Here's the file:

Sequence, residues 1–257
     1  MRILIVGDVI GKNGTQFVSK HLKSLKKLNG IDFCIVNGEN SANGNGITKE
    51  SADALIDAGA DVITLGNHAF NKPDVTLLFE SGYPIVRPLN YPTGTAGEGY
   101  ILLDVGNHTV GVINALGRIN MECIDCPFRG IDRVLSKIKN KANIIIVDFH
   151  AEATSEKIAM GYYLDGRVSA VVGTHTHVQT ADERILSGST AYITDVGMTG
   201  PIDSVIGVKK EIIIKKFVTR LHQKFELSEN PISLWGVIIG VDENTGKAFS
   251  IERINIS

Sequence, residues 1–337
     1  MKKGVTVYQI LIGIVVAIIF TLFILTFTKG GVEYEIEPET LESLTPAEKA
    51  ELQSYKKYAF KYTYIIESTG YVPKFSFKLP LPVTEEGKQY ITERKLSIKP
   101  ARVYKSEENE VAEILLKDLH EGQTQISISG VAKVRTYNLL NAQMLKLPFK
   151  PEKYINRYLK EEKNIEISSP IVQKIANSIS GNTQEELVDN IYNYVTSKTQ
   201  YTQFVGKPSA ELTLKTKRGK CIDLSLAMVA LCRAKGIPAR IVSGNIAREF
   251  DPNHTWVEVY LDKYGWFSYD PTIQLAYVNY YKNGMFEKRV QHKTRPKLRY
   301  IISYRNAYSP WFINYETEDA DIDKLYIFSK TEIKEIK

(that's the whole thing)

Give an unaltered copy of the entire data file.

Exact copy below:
Sequence, residues 1–257
     1  MRILIVGDVI GKNGTQFVSK HLKSLKKLNG IDFCIVNGEN SANGNGITKE
    51  SADALIDAGA DVITLGNHAF NKPDVTLLFE SGYPIVRPLN YPTGTAGEGY
   101  ILLDVGNHTV GVINALGRIN MECIDCPFRG IDRVLSKIKN KANIIIVDFH
   151  AEATSEKIAM GYYLDGRVSA VVGTHTHVQT ADERILSGST AYITDVGMTG
   201  PIDSVIGVKK EIIIKKFVTR LHQKFELSEN PISLWGVIIG VDENTGKAFS
   251  IERINIS

Sequence, residues 1–337
     1  MKKGVTVYQI LIGIVVAIIF TLFILTFTKG GVEYEIEPET LESLTPAEKA
    51  ELQSYKKYAF KYTYIIESTG YVPKFSFKLP LPVTEEGKQY ITERKLSIKP
   101  ARVYKSEENE VAEILLKDLH EGQTQISISG VAKVRTYNLL NAQMLKLPFK
   151  PEKYINRYLK EEKNIEISSP IVQKIANSIS GNTQEELVDN IYNYVTSKTQ
   201  YTQFVGKPSA ELTLKTKRGK CIDLSLAMVA LCRAKGIPAR IVSGNIAREF
   251  DPNHTWVEVY LDKYGWFSYD PTIQLAYVNY YKNGMFEKRV QHKTRPKLRY
   301  IISYRNAYSP WFINYETEDA DIDKLYIFSK TEIKEIK